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April 10, 2020

Stay at Home Executive Order Extension 

On Wednesday, April 8, 2020, Gov. Walz issued Executive Order 20-33 which extended the duration of two previous orders until May 4, 2020. Specifically, E.O. 20-33 extends Walz’s order directing Minnesotans to stay-at-home (E.O. 20-20) and his order closing bars, restaurants, and other places of public accommodation (E.O. 20-04). Both orders were previously set to expire on Friday, April 10, 2020.

In announcing the issuance of E.O. 20-33, the Governor also stated his desire to focus efforts on “response, recovery, and resources” in an attempt to push the COVID-19 peak to July.  The Governor has directed state commissioners to identify additional safe industries to exempt from the stay-at-home order in hopes of allowing as many businesses as possible to reopen as soon as possible. His Executive Order extending the stay-at-home order did expressly allow some businesses, including landscaping and other outdoor-focused industries, to reopen. A copy of 20-33 can be found here.

State of the State 

On Sunday, April 5, 2020, Gov. Walz gave his State of the State address from an unusual location; the basement of the Governor’s Residence. Customarily delivered to a joint session of the Minnesota Legislature, this year the Governor addressed the state from his home via a live video stream. 

Stating that unprecedented times call for unprecedented actions, the Governor’s address, which only lasted 12 minutes, focused entirely on the state’s response to the COVID-19 pandemic. Gov. Walz highlighted the various actions taken by his administration and the Minnesota Legislature in response to the crisis. Comparing the current situation to “a winter like we’ve never seen before,” Gov. Walz thanked Minnesotans for their resilience, courage, optimism, and grit. He went on to say that defeating this outbreak will take preparation, leadership, and action from all Minnesotans.

The Governor wrapped up his short address with a commitment that the state government will do everything possible to get Minnesota and its businesses back on their feet and concluded by thanking Minnesotans for their unity, humanity, and gratitude towards each other during this unprecedented moment. A recording of Gov. Walz’s remarks can be found here.


Workers Compensation for First Responders and Care Providers

On April 7, 2020, the Minnesota Legislature passed HF 4537 (Wolgamott/Howe) which created a rebuttable presumption that any first responder, health care worker, or health care facility support staff that contracts COVID-19 while working in an environment serving individuals with COVID-19 is subsequently eligible for workers compensation benefits. The measure was a result of significant negotiations between business and labor organizations in recent weeks. In response, Gov. Walz praised the bipartisan work from members of each of the four caucuses in reaching an agreement. The bill was signed into law later in the day and became effective Wednesday.

Emergency Insulin

A small group of Minnesota lawmakers have been working behind the scenes since the end of the 2019 legislative session to create an emergency insulin program for diabetics who cannot afford their insulin. On Tuesday, April 7, 2020, legislative leadership announced a tentative deal that represented a compromise between the disparate approaches previously taken by the Senate Republicans and House Democrats. The following day the ten-member conference committee presented and adopted the compromise language.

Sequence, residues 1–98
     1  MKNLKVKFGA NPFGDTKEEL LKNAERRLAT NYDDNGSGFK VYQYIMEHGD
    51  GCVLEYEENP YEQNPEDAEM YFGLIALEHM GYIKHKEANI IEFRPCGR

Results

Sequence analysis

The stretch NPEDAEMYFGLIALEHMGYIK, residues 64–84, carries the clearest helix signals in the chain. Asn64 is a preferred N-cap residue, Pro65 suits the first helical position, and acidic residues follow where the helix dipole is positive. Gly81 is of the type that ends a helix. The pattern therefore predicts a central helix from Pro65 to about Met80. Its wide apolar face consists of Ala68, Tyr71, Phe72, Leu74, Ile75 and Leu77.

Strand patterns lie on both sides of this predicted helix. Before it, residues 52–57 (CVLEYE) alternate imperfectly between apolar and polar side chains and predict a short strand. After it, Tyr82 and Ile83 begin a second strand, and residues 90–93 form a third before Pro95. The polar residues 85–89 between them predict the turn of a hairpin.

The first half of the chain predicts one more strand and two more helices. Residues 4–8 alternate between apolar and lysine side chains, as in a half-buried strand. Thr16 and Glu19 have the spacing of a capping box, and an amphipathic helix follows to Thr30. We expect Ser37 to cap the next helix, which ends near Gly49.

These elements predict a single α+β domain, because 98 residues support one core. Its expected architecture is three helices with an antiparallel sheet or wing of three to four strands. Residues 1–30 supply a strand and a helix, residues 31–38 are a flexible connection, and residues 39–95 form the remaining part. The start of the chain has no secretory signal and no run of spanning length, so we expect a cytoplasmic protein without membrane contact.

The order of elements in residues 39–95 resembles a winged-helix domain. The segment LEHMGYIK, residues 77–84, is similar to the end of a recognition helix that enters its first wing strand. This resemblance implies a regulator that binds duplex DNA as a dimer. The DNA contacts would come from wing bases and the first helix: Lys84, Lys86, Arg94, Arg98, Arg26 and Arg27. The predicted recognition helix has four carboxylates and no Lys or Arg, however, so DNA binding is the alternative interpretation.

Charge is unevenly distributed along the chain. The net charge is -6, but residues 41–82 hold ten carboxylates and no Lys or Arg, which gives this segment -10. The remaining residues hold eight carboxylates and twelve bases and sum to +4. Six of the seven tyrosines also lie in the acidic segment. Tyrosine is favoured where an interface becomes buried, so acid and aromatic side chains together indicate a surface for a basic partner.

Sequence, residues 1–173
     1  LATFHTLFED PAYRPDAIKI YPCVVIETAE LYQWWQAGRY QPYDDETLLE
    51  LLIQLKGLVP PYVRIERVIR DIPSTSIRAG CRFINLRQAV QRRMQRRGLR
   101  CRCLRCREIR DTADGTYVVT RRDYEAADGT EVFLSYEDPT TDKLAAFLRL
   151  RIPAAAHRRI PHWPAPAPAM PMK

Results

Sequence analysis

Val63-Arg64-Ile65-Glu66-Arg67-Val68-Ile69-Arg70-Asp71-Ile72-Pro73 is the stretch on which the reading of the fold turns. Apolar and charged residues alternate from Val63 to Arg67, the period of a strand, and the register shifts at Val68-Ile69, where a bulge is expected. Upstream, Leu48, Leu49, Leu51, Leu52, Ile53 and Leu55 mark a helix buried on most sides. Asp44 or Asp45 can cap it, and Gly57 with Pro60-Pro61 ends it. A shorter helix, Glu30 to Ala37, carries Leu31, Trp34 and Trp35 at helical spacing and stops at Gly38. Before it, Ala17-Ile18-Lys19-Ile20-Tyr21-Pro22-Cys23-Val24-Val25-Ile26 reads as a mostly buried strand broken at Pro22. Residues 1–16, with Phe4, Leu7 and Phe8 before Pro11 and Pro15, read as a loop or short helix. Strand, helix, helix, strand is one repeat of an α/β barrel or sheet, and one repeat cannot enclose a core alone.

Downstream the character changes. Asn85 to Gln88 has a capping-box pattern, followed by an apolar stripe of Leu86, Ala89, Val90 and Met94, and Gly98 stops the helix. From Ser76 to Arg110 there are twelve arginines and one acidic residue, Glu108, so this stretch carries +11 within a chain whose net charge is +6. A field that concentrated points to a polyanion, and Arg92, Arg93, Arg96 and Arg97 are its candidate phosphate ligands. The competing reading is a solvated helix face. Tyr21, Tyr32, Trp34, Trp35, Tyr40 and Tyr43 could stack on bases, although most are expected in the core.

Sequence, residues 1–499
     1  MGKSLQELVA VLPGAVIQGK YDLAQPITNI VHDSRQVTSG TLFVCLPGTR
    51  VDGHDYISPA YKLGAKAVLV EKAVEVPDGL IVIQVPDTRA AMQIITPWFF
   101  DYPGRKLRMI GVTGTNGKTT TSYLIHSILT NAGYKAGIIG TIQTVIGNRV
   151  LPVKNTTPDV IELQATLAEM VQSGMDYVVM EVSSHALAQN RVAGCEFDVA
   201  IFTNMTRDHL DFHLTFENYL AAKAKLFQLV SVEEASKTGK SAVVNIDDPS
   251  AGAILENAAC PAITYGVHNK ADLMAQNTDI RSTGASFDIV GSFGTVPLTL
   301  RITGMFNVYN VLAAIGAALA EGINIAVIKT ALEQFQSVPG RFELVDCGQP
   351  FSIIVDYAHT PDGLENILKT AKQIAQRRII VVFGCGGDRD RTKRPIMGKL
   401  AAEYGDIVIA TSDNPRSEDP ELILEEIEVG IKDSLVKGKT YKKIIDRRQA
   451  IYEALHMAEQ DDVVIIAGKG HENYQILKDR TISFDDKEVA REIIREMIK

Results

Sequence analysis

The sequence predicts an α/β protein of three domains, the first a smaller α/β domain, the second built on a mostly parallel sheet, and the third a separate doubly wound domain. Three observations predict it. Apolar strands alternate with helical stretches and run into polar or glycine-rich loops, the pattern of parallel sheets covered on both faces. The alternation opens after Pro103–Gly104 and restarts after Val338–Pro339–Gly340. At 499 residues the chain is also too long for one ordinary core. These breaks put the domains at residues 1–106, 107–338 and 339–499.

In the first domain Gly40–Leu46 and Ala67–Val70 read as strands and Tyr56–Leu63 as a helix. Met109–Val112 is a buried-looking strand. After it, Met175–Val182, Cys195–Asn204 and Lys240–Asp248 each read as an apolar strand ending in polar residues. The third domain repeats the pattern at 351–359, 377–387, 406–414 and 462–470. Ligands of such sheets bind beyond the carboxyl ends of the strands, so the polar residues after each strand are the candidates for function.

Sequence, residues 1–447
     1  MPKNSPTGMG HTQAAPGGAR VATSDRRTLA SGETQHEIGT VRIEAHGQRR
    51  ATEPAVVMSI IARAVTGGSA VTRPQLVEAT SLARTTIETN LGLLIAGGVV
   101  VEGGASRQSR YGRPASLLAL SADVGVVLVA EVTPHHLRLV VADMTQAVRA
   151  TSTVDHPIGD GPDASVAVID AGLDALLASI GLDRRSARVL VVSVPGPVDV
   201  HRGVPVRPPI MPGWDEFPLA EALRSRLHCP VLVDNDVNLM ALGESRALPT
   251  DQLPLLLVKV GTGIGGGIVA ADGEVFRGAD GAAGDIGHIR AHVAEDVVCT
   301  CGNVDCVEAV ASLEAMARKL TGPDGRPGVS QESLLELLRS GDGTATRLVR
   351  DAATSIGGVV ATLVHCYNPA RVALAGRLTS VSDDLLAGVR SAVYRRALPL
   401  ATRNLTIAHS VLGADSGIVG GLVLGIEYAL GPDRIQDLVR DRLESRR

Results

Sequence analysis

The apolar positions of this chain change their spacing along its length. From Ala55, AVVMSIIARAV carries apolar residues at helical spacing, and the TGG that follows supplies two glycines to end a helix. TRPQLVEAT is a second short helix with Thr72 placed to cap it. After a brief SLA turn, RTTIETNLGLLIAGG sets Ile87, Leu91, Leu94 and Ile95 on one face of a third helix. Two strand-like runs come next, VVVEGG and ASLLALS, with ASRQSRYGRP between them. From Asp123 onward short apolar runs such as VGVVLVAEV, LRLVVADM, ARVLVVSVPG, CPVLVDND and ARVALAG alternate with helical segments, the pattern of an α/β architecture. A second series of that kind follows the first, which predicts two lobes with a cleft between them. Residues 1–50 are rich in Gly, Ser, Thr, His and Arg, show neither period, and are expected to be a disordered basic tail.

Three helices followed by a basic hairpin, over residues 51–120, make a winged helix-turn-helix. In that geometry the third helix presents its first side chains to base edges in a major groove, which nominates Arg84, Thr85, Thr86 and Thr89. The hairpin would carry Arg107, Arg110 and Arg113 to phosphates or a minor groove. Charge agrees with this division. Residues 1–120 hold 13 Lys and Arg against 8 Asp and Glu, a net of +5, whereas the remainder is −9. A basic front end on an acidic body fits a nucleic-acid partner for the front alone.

The compromise language seeks to ensure that if someone is in need of emergency insulin, they can get a 30-day supply immediately from a pharmacy. Copays for emergency supplies are capped at $35. Insulin manufactures would subsequently reimburse pharmacies or replace the product distributed by pharmacies as a condition of the license to distribute in Minnesota. The bill also requires that any manufacturer that distributes into Minnesota maintain a longer-term patient assistance program that meets state standards.

Companies that fail to do so or that fail to meet certain reporting requirements contained in the proposal would face fines starting at $3.6 million (first year) and $7.2 million (second year). It is expected this agreement will be taken to the floor when the Legislature returns from a shortened Passover/Easter recess on April 14.  

States Economic Outlook post 

On Monday, April 6, 2020 the Senate held a COVID-19 Working Group remote hearing on the state budget outlook from Minnesota’s Management and Budget (“MMB”) Commissioner Myron Frans. Joined by the state economist Dr. Laura Kalambokidis, Commissioner Frans outlined challenges created by the COVID-19 crisis, including increased state spending with shrinking revenue, undefined federal reimbursement funds, high UI claims, and other unforeseen expenditures. He also cautioned that the quarterly budget report set to be released on April 10 will have too many unknowns to be particularly reliable.

According to Frans, MMB consultants project a 5.5 percent decline in the gross domestic product over three calendar quarters, with a recovery not starting until the first three months of 2021. Additionally, it is predicted that activity will not begin to turn up materially until U.S. cases are zero.

Minnesota was in good financial shape when the COVID-19 crisis started with a projected $1.5 billion ending fund balance and a rainy day account of $2.4 billion; however, once the crisis is over there will be a lack of revenues and adjustments may need to be made in order to maintain a balanced budget. Officials are unclear when the state will have enough new and reliable economic data to update the official state revenue and spending forecast.  

Please reach out to any of the Larkin Hoffman Government Relations team members with any questions. 


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